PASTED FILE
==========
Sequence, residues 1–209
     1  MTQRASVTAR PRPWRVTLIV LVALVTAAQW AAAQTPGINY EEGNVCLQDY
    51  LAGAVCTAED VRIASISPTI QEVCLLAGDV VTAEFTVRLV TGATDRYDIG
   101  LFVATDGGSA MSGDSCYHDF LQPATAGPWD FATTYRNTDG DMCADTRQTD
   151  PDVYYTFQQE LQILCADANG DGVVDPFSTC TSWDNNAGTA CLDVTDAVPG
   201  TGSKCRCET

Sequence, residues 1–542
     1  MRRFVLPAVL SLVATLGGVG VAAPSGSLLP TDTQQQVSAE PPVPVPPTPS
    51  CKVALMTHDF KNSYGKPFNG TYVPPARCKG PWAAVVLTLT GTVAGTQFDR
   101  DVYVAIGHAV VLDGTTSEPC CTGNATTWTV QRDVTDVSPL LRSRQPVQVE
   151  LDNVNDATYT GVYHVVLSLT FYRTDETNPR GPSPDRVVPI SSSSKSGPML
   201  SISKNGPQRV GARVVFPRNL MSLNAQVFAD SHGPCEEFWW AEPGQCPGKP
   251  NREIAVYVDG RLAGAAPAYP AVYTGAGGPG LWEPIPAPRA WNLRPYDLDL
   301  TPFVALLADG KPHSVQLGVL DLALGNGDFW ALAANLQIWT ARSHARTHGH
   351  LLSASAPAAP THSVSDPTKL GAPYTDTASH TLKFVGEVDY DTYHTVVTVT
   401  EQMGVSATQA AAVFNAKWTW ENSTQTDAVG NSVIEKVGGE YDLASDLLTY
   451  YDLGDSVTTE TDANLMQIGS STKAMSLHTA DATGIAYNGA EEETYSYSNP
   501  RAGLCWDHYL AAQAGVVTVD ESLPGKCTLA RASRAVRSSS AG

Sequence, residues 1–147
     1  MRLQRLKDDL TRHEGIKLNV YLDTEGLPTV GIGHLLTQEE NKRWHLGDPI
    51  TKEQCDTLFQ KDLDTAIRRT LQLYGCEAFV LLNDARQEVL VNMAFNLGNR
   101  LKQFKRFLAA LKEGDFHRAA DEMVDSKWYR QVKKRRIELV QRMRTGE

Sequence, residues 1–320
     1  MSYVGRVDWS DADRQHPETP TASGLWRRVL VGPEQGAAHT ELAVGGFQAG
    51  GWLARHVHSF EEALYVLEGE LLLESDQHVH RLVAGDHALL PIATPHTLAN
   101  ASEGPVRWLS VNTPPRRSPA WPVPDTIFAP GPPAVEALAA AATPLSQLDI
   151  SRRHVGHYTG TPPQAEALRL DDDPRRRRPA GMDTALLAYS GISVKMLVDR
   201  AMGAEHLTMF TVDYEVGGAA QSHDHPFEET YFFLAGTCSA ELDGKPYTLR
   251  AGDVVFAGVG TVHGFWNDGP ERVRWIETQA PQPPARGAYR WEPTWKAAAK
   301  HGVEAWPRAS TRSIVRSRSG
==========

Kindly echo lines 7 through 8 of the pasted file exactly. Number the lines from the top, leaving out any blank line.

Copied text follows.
Sequence, residues 1–542
     1  MRRFVLPAVL SLVATLGGVG VAAPSGSLLP TDTQQQVSAE PPVPVPPTPS